As the nation’s first school dedicated to the study of freshwater science, the School of Freshwater Sciences building, a three story, $39 million project for the University of Wisconsin-Milwaukee continues UWM’s 40-year history of innovative water research.
The overall design goal was to create a space that encourages collaboration, inspires ideas, celebrates the environment, promotes freshwater research, and attracts global interest. Inside and out, the building mimics the curves and colors of water with its many windows, open spaces and curving architecture. The addition’s linear form compliments the narrow site and seamlessly connects to the existing building to promote integration and collaboration between disciplines. The exterior’s southern exposure reflects the movement, flow, and reflectivity of water and incorporates carefully placed sunshades to make the best use of natural light for the interior. The primary functions in the building are interdisciplinary research labs, faculty and student offices, multi-purpose collaboration areas, and instructional spaces.
The most involved aspect and challenge associated with this project was the coordination of ceiling mechanicals along with the sequencing of trades. Due to the ongoing operations in the facility during construction, no previous site drawings, and dozens of gas and water lines, there was a lot riding on the team’s ability to get the job done right the first time.
In addition to the MEP coordination, another challenge the team met was working with a new medium on the façade of the building. TAKTL panels were used on the exterior of the facility, a new technology, not utilized previously on any area construction projects. TAKTL is both an advanced Ultra High Performance Concrete (UHPC) and the first company integrating the formulation, mold design, and automated manufacturing of UHPC to produce architectural elements of exceptional quality and performance. They are over four times as strong as traditional precast concrete and perform exceptionally well in demanding weather conditions.
Due to the level of difficulty, the team proposed and achieved support from the Owner, Architect, Engineers and all subs to use Building Information Modeling (BIM) to coordinate the MEPs in the facility, even though it was a State and single prime project. An extensive preplanning effort that involved BIM, in-depth site investigations, 21 design meetings with the project team, and an initial partnering session to get all subcontractors on board, were utilized to learn the ins-and-outs of the complexities within the facility. Shannon Metoxen, Senior Project Manager for JP Cullen, described the MEP coordination as, “tougher than any hospital project I’ve ever been involved in.”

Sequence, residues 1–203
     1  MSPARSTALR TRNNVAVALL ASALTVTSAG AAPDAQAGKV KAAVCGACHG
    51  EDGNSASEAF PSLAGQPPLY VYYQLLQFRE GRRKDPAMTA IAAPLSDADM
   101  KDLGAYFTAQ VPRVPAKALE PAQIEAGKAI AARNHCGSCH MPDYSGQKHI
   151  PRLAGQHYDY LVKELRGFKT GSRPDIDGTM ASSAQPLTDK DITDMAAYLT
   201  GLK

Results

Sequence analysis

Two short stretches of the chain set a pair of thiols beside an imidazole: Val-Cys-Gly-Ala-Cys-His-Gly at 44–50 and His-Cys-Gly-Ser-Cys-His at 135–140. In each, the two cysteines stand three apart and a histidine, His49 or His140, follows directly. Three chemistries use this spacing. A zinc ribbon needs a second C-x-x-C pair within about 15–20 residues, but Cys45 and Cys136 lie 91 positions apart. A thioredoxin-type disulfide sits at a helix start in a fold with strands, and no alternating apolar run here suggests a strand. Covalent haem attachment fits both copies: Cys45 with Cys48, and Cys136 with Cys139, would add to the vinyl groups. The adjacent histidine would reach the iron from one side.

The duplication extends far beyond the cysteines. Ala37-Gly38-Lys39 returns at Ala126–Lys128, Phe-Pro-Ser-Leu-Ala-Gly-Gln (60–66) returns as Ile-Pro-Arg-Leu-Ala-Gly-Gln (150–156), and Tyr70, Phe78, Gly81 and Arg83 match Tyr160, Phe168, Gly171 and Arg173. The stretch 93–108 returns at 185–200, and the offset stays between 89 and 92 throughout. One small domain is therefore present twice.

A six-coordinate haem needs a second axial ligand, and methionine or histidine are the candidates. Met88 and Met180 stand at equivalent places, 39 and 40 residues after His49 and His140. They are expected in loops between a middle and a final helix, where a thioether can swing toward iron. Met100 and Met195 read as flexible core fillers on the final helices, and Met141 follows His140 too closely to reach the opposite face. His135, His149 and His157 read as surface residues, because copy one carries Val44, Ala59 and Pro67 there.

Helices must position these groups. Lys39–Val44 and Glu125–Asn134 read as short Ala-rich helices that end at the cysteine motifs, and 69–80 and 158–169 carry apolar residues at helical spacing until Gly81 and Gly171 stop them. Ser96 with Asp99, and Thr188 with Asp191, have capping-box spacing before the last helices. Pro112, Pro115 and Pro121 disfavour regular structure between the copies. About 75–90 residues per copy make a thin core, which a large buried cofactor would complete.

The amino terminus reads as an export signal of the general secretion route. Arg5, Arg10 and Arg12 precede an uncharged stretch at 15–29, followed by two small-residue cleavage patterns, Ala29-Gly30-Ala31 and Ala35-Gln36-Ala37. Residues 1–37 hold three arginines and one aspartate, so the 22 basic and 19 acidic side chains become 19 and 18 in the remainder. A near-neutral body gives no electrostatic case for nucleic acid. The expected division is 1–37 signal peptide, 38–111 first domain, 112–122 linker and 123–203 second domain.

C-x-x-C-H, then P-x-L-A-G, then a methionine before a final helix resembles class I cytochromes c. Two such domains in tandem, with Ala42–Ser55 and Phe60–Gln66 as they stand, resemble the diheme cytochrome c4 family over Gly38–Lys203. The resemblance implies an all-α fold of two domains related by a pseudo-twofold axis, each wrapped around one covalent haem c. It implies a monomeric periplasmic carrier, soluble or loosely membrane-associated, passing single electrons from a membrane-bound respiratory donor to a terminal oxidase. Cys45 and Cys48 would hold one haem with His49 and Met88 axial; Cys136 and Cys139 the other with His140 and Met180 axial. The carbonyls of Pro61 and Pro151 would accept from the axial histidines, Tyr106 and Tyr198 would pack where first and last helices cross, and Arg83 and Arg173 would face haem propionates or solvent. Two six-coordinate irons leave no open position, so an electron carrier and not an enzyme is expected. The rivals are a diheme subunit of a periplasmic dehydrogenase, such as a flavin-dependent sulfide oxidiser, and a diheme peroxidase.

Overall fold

The team made sure they worked closely with the staff at the University to understand the existing valves, pipes and controls to prevent any mistakes from happening. Regular meetings with the facilities staff at the university were established outside of other design meetings to coordinate exclusively with the facilities department. The facility’s operations could not be disrupted and ran 24 hours a day, so any and all shut downs were investigated, approved, and communicated through the University.
Any water lines, including the chlorinated, dechlorinated, and RO water, couldn’t be crossed or turned off as it would have been contaminated and detrimental to research. Maintaining the water temperature was also crucial as a 10 degree change could alter fish behavior. This is why understanding the heating and cooling system was critical to maintain the ideal “life support water” for the fish.
The team was even cautious when working around the many fish tanks in the facility so they would not cast a shadow and spook the fish. “It would have taken just one person going into the job not knowing what they were doing to destroy 30 years of research,” said Metoxen.
For the TAKTL panels, the team worked with an exterior envelope commissioning agent to assist with the panel install, and verify all standards were met. The team constructed two stand-alone mock ups in advance. These were smaller models of the actual facility, built step by step to quality and sequencing, approximately 200 SQFT. This was beneficial as it gave every contractor an idea of the complexity of the project. It also allowed the architect and commissioning agent to change some of the details prior to production. With all of the penetrations through the air and vapor barrier, this mock-up was critical for everyone to understand how each piece needed to be installed.
The use of BIM, combined with successful team communication, accelerated the project schedule by one whole month by improving collaboration between the design team and the contractor.
The TAKTL installation process took 6 months from start to finish; giving everyone the review time they needed, along with the nine different trades, to be coordinated successfully.